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Client Alert - MS4 Stormwater permitting deadlines fast approaching

March 2017
Paul J. Bruder, Jr.

The Pennsylvania Department of Environmental Protection (DEP) requires that municipalities in urbanized areas maintain permits for discharges of stormwater from their MS4’s - municipal separate storm sewer systems.  These permits were last issued in 2013, and run for 5 years.  With 2016 in the books and 2018 fast approaching, urbanized areas in Pennsylvania must get ready for the 2018 MS4 permitting requirements, including those new communities falling under the MS4 jurisdiction for the first time. 

Regulated municipalities must update (or develop, for those first-time permittees) their stormwater management programs to show compliance with the six Minimum Control Measures (MCM’s) designed to reduce stormwater contaminants which ultimately reach the Chesapeake or Delaware Bays, or the Ohio River.  Municipalities are tasked with developing stormwater management programs to ensure compliance with the minimum control measures.  To reduce nutrient and sediment discharges, DEP encourages municipalities to embrace practices such routine sampling and monitoring at outfall locations, and cleanup strategies like sweeping streets, cleaning catch basins, vegetating swales and developing rain gardens. All permittees should also develop and implement a program to investigate the source of any illicit or suspicious discharges that might be found.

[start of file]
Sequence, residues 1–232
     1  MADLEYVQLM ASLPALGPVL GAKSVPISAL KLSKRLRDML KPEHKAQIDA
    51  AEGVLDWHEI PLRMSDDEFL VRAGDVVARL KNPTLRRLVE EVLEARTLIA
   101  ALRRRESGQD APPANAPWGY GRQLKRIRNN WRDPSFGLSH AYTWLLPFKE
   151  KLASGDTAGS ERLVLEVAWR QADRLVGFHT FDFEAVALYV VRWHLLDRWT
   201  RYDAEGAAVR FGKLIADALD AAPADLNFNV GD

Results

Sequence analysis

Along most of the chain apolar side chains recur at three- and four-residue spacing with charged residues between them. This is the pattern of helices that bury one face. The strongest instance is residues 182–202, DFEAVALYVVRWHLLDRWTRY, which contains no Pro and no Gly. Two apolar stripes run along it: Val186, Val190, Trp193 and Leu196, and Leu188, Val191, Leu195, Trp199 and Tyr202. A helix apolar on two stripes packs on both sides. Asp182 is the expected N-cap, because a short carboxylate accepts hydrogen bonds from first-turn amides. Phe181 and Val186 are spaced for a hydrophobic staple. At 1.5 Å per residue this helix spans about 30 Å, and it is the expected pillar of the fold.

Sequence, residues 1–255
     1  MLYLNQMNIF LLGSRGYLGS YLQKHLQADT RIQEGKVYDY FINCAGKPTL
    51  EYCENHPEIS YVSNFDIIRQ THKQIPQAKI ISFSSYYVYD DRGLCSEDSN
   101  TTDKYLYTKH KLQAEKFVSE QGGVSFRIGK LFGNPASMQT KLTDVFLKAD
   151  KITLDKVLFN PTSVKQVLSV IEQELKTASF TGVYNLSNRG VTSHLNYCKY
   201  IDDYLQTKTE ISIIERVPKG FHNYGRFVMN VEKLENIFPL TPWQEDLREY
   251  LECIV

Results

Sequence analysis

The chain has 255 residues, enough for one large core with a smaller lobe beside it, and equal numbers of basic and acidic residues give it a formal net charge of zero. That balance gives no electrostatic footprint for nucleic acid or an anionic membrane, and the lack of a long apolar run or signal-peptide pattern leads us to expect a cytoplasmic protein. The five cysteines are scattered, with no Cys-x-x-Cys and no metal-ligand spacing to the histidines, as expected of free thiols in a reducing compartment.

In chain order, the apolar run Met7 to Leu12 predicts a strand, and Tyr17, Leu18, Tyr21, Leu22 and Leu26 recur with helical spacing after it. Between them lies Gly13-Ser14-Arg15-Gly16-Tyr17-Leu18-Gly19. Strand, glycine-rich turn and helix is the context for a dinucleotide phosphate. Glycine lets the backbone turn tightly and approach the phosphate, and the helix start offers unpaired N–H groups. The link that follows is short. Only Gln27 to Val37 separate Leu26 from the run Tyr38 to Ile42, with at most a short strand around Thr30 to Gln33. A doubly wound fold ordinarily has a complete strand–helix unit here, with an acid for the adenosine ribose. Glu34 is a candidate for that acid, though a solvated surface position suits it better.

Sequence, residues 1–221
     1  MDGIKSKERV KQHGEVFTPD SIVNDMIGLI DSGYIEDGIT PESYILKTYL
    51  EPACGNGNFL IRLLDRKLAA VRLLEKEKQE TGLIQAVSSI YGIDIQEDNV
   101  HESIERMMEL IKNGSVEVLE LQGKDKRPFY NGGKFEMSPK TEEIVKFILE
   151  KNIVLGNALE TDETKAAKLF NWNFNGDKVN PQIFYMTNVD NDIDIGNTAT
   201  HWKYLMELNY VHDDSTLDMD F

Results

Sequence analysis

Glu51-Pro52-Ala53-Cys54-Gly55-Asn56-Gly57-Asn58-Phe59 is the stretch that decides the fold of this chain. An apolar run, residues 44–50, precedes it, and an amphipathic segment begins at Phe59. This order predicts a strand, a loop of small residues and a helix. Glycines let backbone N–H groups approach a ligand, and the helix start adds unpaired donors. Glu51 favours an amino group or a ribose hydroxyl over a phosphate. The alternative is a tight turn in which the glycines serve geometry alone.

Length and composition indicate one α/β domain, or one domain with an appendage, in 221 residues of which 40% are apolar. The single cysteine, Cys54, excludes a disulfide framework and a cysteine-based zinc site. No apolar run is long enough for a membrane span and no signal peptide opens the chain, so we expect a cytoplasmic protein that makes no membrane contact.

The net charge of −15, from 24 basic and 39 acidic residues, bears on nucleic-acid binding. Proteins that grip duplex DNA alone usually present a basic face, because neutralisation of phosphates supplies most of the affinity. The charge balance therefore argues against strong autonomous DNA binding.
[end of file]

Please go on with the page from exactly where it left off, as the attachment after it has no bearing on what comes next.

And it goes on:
The deadline for submitting general permit applications to DEP is September 16, but with the required public participation requirements, the deadline for actually completing a local plan is August 3.  The Local Plan requirement is for municipalities with a water quality impaired stream anywhere in the state and in the Chesapeake Bay Watershed in particular (nearly half of Pennsylvania).  Those communities must develop a plan to reduce sediment discharge, or the reason a stream is impaired, by 10 percent over the next 5 years. The MS4 stormwater pollution reduction permit regulation is a federal Clean Water Act requirement, and it helps Pennsylvania meet its obligations under the Chesapeake Bay Program.   

If an MS4 determines that it is eligible for a waiver, a waiver application may accompany the NOI.

The Rhoads & Sinon Environmental Team has counseled many municipal MS4 clients through the application process, and the development and implementation of comprehensive stormwater management programs and Local Plans.  For assistance and guidance, please contact Paul Bruder at 717-233-5731 or pbruder@rhoads-sinon.com.